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Clinical Policy Bulletin:
Ambulatory Electroencephalography
Number: 0425


Policy

Aetna considers ambulatory electroencephalography (EEG) medically necessary for any of the following conditions:

  1. Classification of seizure type in members who have epilepsy (routine EEG is equivocal) -- only ictal recordings can reliably be used to classify seizure type (or types) which is important in selecting appropriate anti-epileptic drug therapy; or

  2. Diagnosis of a seizure disorder (epilepsy) -- members who have episodes suggestive of epilepsy when history, examination, and routine EEG do not resolve the diagnostic uncertainties (routine EEG should be negative with provocative measures); or

  3. Localization of the epileptogenic region of the brain during pre-surgical evaluation -- to identify appropriate surgical candidates.

Aetna considers ambulatory EEG experimental and investigational for all other indications because of insufficient evidence in the peer-reviewed literature.

Duration of Monitoring:

The goal of ambulatory EEG is usually achieved within 48 hours.  Ambulatory EEG monitoring for longer than 7 days may be reviewed for medical necessity.

See also CPB 0221 - Quantitative EEG (Brain Mapping), CPB 0289 - Grid Monitoring and Intraoperative Electroencephalography, and CPB 0322 - Electroencephalographic (EEG) Video Monitoring.



Background

A 24-hour ambulatory electroencephalogram (EEG) is used to record EEG tracings on a cassette or digital recorder on a continuous outpatient basis.  Electrodes for at least 3 recording channels are secured to the patient's head while a digital or cassette recorder is secured to the patient's waist or to a shoulder harness.  The EEG information is stored for later play back and analysis.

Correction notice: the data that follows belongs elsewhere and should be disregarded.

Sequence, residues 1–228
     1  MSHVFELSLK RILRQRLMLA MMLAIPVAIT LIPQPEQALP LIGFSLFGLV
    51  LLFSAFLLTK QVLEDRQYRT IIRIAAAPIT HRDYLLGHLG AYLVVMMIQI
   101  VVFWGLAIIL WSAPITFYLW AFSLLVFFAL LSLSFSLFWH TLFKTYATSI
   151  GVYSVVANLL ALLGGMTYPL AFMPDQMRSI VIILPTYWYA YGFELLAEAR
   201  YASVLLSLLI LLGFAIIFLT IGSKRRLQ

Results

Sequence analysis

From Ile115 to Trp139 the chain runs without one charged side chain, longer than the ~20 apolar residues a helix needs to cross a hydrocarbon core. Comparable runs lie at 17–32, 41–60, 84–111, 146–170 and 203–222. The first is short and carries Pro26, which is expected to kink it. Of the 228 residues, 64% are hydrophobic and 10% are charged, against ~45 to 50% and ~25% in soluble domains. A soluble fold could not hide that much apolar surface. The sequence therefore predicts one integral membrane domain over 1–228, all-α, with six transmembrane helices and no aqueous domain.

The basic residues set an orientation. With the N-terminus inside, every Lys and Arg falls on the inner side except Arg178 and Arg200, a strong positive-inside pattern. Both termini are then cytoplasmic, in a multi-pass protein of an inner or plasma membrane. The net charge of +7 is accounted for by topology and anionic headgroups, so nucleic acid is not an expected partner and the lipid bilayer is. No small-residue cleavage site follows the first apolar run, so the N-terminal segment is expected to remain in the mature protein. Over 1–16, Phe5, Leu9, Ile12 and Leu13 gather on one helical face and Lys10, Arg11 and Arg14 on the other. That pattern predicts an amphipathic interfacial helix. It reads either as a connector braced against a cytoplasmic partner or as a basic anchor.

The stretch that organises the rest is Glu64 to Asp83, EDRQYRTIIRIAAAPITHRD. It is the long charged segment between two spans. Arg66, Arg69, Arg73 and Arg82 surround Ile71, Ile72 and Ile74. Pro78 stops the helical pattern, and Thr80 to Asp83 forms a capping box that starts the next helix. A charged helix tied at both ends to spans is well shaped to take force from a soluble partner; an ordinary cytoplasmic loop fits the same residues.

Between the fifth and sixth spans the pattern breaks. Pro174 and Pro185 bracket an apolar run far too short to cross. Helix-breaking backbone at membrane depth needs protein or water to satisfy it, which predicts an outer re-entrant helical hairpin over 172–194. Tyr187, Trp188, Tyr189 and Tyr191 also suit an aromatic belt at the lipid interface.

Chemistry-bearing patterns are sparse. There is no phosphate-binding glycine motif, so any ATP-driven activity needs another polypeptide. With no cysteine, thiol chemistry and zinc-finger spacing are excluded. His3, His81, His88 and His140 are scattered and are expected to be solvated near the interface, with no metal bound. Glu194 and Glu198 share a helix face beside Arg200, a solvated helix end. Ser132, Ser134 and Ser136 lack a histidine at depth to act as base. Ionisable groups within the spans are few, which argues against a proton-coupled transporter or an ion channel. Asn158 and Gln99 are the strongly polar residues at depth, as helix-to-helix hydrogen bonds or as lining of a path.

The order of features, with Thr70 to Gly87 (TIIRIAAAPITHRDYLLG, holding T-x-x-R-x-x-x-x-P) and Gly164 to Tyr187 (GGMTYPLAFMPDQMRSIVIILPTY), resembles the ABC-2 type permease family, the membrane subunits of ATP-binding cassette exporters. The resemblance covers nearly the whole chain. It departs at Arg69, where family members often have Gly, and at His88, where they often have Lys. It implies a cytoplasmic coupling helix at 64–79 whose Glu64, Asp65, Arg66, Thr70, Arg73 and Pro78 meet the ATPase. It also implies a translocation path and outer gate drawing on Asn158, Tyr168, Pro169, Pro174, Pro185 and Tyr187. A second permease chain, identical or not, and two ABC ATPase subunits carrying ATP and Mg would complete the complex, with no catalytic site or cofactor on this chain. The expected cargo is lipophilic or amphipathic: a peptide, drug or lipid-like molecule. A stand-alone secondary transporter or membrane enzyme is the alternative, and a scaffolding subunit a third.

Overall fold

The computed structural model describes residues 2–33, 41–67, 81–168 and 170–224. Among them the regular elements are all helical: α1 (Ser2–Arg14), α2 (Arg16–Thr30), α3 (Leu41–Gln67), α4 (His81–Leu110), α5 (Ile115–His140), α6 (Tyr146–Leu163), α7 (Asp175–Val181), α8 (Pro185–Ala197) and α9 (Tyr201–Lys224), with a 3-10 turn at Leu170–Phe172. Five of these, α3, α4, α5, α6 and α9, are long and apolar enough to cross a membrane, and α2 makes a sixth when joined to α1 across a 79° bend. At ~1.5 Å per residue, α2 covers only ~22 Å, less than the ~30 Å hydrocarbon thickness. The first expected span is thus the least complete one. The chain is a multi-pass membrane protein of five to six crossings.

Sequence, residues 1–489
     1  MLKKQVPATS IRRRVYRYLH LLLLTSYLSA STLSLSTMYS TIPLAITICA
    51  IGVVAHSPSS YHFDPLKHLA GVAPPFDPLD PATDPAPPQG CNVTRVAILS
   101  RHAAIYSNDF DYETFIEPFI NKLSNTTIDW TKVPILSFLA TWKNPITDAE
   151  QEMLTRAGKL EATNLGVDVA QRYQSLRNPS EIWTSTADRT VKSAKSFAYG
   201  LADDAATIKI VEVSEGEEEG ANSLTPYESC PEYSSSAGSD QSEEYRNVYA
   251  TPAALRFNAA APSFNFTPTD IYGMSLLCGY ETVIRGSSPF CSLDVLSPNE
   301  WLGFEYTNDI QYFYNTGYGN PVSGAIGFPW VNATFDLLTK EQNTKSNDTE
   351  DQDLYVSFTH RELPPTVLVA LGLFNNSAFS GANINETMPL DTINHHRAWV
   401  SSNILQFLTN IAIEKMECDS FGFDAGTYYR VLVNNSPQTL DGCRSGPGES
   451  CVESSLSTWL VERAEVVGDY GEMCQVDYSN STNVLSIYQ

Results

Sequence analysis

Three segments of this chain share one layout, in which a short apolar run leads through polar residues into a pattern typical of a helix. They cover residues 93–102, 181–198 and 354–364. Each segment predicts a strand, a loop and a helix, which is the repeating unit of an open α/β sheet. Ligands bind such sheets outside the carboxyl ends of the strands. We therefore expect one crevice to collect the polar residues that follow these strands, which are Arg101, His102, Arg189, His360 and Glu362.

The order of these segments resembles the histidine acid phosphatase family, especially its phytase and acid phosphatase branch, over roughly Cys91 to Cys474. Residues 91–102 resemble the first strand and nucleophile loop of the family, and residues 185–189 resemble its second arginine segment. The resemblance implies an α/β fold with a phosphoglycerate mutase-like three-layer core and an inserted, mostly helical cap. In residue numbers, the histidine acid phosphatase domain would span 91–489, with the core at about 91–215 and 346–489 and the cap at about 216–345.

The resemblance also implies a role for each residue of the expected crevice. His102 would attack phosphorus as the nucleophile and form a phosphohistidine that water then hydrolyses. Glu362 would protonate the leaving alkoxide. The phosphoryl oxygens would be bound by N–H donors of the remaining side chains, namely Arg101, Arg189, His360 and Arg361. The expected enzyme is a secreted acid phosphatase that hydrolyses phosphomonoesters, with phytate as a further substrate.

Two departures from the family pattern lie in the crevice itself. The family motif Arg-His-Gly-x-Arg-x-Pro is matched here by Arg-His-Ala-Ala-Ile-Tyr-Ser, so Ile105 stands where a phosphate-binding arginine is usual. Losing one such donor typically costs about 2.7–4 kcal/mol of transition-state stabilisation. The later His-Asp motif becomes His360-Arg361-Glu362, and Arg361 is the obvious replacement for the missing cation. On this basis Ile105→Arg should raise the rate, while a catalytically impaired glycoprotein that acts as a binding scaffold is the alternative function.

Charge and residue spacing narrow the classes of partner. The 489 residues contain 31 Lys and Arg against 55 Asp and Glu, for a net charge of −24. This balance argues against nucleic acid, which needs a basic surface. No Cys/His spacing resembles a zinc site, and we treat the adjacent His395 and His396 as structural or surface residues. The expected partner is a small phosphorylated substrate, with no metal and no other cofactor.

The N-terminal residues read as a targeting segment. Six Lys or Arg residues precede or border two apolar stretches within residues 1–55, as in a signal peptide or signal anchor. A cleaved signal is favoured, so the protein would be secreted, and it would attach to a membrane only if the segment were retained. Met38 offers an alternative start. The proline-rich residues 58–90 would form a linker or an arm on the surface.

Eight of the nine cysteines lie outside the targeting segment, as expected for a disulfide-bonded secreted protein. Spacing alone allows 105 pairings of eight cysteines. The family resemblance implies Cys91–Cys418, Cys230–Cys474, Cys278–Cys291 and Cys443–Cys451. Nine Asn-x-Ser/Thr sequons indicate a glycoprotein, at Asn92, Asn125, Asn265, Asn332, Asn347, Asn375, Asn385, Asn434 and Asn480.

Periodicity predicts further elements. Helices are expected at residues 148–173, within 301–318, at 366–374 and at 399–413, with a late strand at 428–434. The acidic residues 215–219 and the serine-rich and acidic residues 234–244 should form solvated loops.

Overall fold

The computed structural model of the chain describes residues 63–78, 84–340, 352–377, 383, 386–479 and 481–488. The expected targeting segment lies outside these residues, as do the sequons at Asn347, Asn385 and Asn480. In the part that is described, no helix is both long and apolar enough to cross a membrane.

The advantage of 24-hour ambulatory EEG is its ability to continuously record over a prolonged period both general and localized seizure activity during near-normal activity.  Recent advances in computer technology have improved available capabilities of ambulatory EEG monitors.  Lighter weight, smaller, and faster processors with larger digital storage capacity have overcome earlier limitations on EEG recording and analysis.  Commercially available ambulatory EEG has evolved during the last 2 decades from 3-channel analog devices to digital machines with reformable montages of up to 32 channels and computer-assisted spike and seizure detection programs.

Ambulatory EEG monitoring may facilitate the differential diagnosis between seizures and syncopal attacks, sleep apnea, cardiac arrhythmias or hysterical episodes.  The test may also allow the investigator to identify the epileptic nature of some episodic periods of disturbed consciousness, mild confusion, or peculiar behavior, where resting EEG is not conclusive.  It may be useful in documenting seizures that are precipitated by naturally occurring cyclic events or environmental stimuli, which are not reproducible in the hospital or clinic setting.  It may also allow an estimate of seizure frequency, which may at times help to evaluate the effectiveness of a drug and determine its appropriate dosage.

Ambulatory monitoring, however, is not necessary to evaluate most seizures, which are usually readily diagnosed by routine EEG studies and history.

 
CPT Codes / HCPCS Codes / ICD-9 Codes
CPT codes covered if selection criteria are met:
95950
95951
95953
95956
ICD-9 codes covered if selection criteria are met:
345.00 - 345.91 Epilepsy and recurrent seizures
779.0 Convulsions in newborn
780.32 Complex febrile convulsions
780.33 Post traumatic seizures
780.39 Other convulsions
781.0 Abnormal involuntary movements


The above policy is based on the following references:
  1. Kaplan PW, Schachter SC. The role of the neurologist in the management of epilepsy: Guidelines and tools for patient care. The Neurologist. 1996;2:302-314.
  2. Lagerlund TD, Cascino GD, Cicora KM, Sharbrough FW. Long-term electroencephalographic monitoring for diagnosis and management of seizures. Mayo Clin Proc. 1996;71(10):1000-1006.
  3. Smith MC, Buelow JM. Epilepsy. Disease-A-Month. 1996;42(11):729-827.